What is Addiction?
Addiction is a situation in which a person grows accustomed to ingesting a drug such as alcohol or engaging in a behaviour (e.g., sex, gambling) that they may find delightful at first. Still, over time, their dependence on the substance/activity becomes compulsive and interferes with everyday duties such as employment, health, and personal life. People who acquire an addiction often are unaware that their conduct has spiralled out of control and is causing difficulties for themselves and others
Addiction can take various forms, including physical and psychological ones. It can develop as a result of behaviours including consuming alcohol, using opiates, gambling, having sex, eating, and browsing the Internet. Addictions often begin when people find specific actions emotionally or physically gratifying, but they develop a strong need to repeat these actions in order to reproduce the ‘high.’ As a result, this turns into a vicious cycle that is difficult to escape.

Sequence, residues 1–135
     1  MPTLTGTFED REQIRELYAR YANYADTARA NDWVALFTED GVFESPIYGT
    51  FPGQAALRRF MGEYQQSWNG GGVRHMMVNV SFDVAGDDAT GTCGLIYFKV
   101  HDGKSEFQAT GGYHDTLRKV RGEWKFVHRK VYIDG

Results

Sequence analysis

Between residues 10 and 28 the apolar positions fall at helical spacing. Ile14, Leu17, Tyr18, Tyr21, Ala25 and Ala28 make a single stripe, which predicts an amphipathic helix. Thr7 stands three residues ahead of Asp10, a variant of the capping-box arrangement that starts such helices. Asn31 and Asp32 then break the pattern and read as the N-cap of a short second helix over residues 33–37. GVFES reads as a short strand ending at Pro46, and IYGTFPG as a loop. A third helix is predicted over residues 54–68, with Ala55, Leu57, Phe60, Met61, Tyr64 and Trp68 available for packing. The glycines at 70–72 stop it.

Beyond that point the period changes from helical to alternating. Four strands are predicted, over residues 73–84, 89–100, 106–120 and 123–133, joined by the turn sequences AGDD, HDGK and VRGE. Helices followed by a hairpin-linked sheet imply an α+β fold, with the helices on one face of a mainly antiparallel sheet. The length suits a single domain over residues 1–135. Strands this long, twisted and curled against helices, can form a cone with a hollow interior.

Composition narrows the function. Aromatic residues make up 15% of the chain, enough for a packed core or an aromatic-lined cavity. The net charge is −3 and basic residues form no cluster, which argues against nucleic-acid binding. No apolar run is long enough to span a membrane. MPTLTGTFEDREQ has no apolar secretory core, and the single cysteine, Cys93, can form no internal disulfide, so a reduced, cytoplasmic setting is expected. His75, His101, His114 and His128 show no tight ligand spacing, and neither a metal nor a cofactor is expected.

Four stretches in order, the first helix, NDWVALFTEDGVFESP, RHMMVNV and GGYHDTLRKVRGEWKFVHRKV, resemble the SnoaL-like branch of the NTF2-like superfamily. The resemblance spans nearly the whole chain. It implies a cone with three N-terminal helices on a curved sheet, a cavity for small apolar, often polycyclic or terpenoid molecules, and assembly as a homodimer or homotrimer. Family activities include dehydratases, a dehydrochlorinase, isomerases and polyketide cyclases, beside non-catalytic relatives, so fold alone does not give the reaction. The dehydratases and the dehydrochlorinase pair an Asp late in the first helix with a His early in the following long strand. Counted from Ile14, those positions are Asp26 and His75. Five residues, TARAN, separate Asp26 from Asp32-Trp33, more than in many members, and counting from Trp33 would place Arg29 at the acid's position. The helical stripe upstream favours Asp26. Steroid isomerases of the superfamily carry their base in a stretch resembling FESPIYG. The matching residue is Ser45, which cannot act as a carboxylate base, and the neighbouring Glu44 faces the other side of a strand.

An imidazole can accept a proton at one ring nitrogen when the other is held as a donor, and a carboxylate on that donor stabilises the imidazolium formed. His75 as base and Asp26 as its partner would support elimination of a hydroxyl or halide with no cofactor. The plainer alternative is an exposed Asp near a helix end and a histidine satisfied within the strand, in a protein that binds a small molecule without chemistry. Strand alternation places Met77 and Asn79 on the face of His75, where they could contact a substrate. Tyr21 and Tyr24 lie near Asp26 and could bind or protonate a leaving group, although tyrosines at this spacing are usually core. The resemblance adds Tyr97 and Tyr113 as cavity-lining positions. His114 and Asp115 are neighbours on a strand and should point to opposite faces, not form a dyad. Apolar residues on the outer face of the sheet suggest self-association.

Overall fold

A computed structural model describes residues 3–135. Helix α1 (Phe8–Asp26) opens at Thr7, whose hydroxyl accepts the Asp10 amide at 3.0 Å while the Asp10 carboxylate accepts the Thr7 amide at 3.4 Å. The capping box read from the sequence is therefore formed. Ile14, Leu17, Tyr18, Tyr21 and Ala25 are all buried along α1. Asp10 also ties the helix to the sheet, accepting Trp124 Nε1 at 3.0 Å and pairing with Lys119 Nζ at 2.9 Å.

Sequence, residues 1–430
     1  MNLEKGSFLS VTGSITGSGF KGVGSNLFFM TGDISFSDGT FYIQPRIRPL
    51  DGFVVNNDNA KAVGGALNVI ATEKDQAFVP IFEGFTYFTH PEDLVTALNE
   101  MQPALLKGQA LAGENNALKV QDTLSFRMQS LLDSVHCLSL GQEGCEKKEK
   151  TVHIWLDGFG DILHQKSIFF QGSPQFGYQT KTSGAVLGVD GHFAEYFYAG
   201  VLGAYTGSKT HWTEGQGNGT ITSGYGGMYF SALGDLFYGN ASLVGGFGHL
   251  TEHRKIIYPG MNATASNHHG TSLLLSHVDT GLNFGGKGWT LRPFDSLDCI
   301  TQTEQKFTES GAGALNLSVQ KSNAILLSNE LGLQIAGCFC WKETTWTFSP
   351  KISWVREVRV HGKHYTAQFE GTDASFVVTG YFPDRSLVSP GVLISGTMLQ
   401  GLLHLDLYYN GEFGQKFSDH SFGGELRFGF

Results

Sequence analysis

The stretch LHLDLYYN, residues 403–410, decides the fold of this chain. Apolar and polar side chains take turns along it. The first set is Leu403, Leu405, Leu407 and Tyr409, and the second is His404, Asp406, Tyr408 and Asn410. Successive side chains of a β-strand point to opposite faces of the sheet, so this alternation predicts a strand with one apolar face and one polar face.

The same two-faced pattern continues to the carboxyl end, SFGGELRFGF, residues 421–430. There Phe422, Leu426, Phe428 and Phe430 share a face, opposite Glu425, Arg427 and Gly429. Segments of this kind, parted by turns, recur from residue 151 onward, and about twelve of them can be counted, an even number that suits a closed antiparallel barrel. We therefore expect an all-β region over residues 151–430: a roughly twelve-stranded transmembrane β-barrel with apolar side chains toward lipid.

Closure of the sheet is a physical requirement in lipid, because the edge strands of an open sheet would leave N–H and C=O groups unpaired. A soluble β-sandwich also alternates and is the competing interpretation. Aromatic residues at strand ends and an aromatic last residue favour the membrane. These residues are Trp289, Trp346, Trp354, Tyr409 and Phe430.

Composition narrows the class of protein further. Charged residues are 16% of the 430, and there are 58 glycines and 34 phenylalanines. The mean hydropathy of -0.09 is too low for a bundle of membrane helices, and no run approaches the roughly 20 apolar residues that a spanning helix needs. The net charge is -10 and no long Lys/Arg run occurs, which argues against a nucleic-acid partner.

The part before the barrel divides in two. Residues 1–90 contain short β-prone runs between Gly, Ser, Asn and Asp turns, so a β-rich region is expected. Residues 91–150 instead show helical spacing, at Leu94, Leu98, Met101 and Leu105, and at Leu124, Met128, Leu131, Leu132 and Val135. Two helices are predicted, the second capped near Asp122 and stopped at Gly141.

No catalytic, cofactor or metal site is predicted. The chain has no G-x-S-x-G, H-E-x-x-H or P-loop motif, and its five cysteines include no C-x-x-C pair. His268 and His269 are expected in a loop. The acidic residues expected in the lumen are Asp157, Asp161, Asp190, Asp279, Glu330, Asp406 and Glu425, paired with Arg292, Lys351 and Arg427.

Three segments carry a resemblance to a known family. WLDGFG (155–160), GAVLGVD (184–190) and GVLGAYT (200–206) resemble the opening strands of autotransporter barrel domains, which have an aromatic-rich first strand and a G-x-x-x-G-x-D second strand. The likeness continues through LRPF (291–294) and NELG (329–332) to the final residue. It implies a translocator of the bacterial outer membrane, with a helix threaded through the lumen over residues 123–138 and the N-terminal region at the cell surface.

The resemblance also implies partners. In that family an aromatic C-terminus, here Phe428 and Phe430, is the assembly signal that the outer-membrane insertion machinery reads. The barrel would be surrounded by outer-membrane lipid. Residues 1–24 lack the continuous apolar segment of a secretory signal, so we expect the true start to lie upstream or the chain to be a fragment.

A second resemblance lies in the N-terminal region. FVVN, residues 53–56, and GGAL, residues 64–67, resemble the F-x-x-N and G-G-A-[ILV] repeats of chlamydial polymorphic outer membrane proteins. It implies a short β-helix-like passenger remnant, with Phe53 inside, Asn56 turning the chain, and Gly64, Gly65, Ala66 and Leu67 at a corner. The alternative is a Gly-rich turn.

Symptoms of Addiction
Addiction symptoms differ depending on the person, the drug or activity they are hooked on, and their unique circumstances. These signs and symptoms might include:
How Is Addiction Identified?
Family members or friends may express worry about the patient’s addictive behaviour in a few circumstances. When it comes to activities like gambling, sex, or smoking, the patient is often aware of the addiction problem. The psychiatrist or professional addiction counsellor will ask various questions to determine the signs of addiction, including the frequency of drug use, personal routines, and other areas of his life.
Criteria from the Diagnostic and Statistical Manual of Mental Disorders (DSM) – A patient diagnosed with drug abuse (addiction) must have at least three of the following criteria, according to the DSM: